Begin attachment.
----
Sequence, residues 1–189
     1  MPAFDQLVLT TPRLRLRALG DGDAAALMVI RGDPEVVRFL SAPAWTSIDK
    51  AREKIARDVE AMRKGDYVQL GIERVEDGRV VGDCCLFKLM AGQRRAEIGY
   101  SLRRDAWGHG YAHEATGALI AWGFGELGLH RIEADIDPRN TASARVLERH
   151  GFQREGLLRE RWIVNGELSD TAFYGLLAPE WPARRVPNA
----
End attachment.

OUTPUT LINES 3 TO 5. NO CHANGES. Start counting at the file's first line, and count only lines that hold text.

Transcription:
    51  AREKIARDVE AMRKGDYVQL GIERVEDGRV VGDCCLFKLM AGQRRAEIGY
   101  SLRRDAWGHG YAHEATGALI AWGFGELGLH RIEADIDPRN TASARVLERH
   151  GFQREGLLRE RWIVNGELSD TAFYGLLAPE WPARRVPNA